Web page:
Steven Tribe
15-May-2010, 10:49
This is a update.
I have done three more balsam jobs since the last posting.
A few more tips - based on these extra experiences.

The prewarming of the lenses before applying a drop of balsam works well at around 60 degrees C - there is no need to heat it up for long.

I have found that "baking" at around 75 degress C is enough to stiffen the balsam after assembly. An hour is sufficient.

I have found that using acetone for removing excess balsam and finger marks is the best solvent on a piece of absorbent papir. The solvent remains in the paper and will not seep down to the balsam layer.

Do not bake too long with excess balsam on the lens. I forgot a lens pair for 3 hours and the excess balsam formed a layer which was no longer soluble in organic solvents.

I enclose a before and after shot of a landscape meniscus. Received to-day and repaired to-day ( a very wet day outside - like October) ! This was a "quicky" as the lens had a screw retaining mount and the separation of the two halves was already complete.

25-May-2010, 15:13
Canada Balsam Source I (http://naturalpigments.com/detail.asp?PRODUCT_ID=510-33CAN04)

Canada Balsam Source II (http://store.studioproducts.com/)

Canada Balsam Source III (http://www.merck-chemicals.com/canada-balsam/MDA_CHEM-101691/p_6Jyb.s1LbawAAAEWZeEfVhTl)

25-May-2010, 16:30
Canada Balsam Source IV (http://www.postapplescientific.com/)

Can't link directly; you must search for "Canada Balsam"


CP Goerz
27-May-2010, 08:34
A hearty pat on the back for the posts Steve, I've had a bottle of balsam in my drawer for ages...maybe I'll use it now :-)

Steven Tribe
27-May-2010, 09:05
Thanks Andrew!
None of the purchases from you needed any treatment though. The good thing about balsam is that one has more time for checking allignment, a mistake can be easily rectified and excess balsam on the edge provides an excellent "fitting" medium in the brass mount.

4-Oct-2010, 05:30
Thanks for sharing your experience, Steven.
I have a lens I want to re-cement and I found this info which will also be useful to people:

Steven Tribe
4-Oct-2010, 11:58
I think some of these Grimes' notes are new.
Unfortunately, we don't all have a large lathe in the garage! The only problems I have with his description are
- heating as a means of separation. I have seen many cases of completely dried out balsam that wouldn't soften.
- heating lens + balsam in place. Balsam develops a "skin" on the top surface very quickly which will prevent satisfactory adhesion to the "top" lens. I think separately heated lenses, addition of balsam, placing the top lens on top quickly, obtaining the right fit, binding together, followed by gentle heating, is the best method.

I have removed the burnishing holding the lens with an ordinary file. It requires discipline and I always protect the glass surface with tape. It is not necessary to file through the complete thickness before it can be "broken off".

4-Oct-2010, 13:18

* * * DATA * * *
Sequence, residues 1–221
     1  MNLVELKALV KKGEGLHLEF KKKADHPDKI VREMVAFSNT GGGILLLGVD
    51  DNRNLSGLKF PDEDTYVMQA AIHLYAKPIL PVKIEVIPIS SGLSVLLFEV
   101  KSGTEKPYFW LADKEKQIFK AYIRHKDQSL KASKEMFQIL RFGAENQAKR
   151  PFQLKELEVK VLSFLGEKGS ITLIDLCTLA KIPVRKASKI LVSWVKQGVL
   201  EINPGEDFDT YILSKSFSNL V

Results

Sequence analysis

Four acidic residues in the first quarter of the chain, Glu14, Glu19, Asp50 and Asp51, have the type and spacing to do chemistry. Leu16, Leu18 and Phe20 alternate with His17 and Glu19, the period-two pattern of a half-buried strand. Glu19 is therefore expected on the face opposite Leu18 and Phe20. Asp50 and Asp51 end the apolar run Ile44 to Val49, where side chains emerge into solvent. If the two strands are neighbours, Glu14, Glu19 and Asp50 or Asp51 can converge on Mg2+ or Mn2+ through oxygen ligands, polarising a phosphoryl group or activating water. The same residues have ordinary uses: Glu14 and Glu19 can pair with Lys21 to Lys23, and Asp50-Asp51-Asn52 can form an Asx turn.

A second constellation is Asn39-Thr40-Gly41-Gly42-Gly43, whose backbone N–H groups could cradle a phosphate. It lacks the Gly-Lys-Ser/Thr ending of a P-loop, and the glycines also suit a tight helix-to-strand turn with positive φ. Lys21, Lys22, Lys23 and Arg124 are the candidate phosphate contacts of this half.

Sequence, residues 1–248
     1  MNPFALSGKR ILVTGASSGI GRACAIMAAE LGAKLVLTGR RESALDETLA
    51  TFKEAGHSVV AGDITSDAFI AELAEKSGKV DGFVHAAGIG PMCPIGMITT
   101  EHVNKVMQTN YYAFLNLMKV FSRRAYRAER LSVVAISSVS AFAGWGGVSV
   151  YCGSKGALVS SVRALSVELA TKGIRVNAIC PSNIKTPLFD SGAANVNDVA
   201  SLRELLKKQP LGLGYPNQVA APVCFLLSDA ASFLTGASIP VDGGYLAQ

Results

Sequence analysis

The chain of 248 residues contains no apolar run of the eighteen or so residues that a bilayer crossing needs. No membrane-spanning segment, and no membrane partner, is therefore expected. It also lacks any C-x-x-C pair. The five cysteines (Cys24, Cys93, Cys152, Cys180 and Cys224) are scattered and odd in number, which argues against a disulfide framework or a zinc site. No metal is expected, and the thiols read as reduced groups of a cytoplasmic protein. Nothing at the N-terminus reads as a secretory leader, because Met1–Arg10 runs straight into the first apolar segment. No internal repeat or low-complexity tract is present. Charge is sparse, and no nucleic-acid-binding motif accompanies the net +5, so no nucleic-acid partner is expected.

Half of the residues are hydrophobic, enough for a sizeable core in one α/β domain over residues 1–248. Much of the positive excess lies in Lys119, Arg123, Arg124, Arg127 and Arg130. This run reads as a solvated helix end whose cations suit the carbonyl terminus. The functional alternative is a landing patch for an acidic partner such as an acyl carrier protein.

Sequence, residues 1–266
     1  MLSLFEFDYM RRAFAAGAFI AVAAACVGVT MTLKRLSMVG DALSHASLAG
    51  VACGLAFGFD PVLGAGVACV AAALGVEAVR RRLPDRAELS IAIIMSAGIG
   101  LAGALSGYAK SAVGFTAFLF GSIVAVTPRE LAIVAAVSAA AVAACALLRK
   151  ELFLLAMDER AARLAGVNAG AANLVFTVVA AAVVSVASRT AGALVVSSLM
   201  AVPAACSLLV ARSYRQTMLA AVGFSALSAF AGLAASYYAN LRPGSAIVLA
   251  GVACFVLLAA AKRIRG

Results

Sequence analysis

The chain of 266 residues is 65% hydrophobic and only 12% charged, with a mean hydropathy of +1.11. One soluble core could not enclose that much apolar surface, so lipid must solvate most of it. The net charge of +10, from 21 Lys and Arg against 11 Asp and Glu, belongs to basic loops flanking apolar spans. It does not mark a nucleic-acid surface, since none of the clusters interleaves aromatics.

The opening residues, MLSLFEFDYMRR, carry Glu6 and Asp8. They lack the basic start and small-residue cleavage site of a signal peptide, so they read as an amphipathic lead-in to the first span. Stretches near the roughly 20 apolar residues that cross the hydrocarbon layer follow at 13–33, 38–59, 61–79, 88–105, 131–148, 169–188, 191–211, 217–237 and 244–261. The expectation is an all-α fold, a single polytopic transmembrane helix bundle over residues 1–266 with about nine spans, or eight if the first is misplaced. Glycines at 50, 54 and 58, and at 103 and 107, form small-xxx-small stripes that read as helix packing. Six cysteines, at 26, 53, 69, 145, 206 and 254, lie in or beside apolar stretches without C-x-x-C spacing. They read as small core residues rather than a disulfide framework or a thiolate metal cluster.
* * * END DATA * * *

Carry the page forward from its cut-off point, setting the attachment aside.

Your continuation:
Kremer Pigmente in Germany sells canada balsam:


They also sell all kinds of pigments, resins, varnishes, adhesives, just about anything an artist or musical instrument maker might want. Some of the other resins might be good for making things like retouching varnish from old recipes.

In the US, Wood Finishing Enterprises sells similar items:


I haven't bought anything from either of these companies, but might for future projects.

That's a great article on recementing lenses. I have one that needs to be done.

Steven Tribe
4-Oct-2010, 13:46
Interesting products! And in Euroland too.

I am rapidly coming to the conclusion that as many as 1/2 of our 19th C objectives could do with a renewal of the canada balsam. When I compare the redone cells with an original cell (which seemed OK), there is a very marked difference in the general clarity of the two! Even those without discoloured edges or crystalline "flakes".

4-Oct-2010, 13:57
I like the idea of using balsam to recement old lenses. Modern adhesives have certain advantages, but the big advantage of balsam is that it can be done over again if it doesn't turn out right the first time. I need a process that's reversible, because very likely I won't get it right the first time.

Steven Tribe
5-Nov-2010, 03:00
Just an update!

My first bottle of Canada Balsam no longer pours, but is still usable by geting a piece on the end of a glass rod, or similar, and letting it contact melt off onto the warm glass.

This time I have done an older lens - the Ross Actinic doublet - the Ordinary Angle version. This is one of the attempts in the battle for the "RR" design!

About half the balsam layer was discolored yellow. It took the usual 7 days of Xylol soaking. Once again, the balsam had left a Chalk looking deposit over the whole of the concave surface. Again this was removable quite easily with water based solvents.

This was very different type of lens mounting. The photo shows the cell with half the blacking enamel in place. The cemented lens is much smaller than the mounted lens - which is part covered with black paint or shows its mat rear surface.
This is good in respect of escaping the trouble with fiddling with the brass but means that fixing the cleaning lens in the balsam hardening process is more tricky. It also means that a total balsam failure would mean the demise of the lens as it would fall off.
I have just painted one side of the lens to show the GG surface of the fixed lens. The other side is fully polished. I suppose this use of "oversized" lenses is the price you have to pay for standardisation of mounts/barrels. This is the 4x5" size.

8-Dec-2010, 12:34
Are there companies out there that will do a re-cement for a fee??? I have a darlot with a seperation in the front element, while not overly bad for wet plate type work, I would like to make it 100% again. More importantly, seperating and recementing the lenses so that the original Darlot pencil marking on the edge is not disturbed would be ideal.... Any ideas?

Steven Tribe
8-Dec-2010, 14:39
I think the original Darlot marks would be untouched by traditional Canada Balsam. I'll do some experiments with pencil marks next time I split an achromat.